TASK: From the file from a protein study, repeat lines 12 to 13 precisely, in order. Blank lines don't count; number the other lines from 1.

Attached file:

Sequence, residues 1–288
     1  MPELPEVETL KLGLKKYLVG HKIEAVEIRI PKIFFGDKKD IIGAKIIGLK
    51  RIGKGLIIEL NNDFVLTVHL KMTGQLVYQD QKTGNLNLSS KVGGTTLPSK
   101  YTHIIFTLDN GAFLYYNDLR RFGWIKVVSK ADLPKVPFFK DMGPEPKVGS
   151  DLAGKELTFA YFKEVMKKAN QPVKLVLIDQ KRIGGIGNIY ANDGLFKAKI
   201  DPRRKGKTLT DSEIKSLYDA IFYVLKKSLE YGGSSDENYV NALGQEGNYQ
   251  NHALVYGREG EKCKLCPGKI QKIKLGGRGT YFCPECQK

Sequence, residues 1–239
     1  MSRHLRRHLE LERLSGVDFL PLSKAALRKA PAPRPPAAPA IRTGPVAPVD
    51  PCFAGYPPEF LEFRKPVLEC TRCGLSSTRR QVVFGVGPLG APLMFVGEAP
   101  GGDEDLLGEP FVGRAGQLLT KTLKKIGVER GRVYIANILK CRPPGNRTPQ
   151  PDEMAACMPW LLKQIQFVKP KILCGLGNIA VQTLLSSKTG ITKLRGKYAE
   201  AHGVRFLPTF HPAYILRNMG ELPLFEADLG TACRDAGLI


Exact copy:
   151  PDEMAACMPW LLKQIQFVKP KILCGLGNIA VQTLLSSKTG ITKLRGKYAE
   201  AHGVRFLPTF HPAYILRNMG ELPLFEADLG TACRDAGLI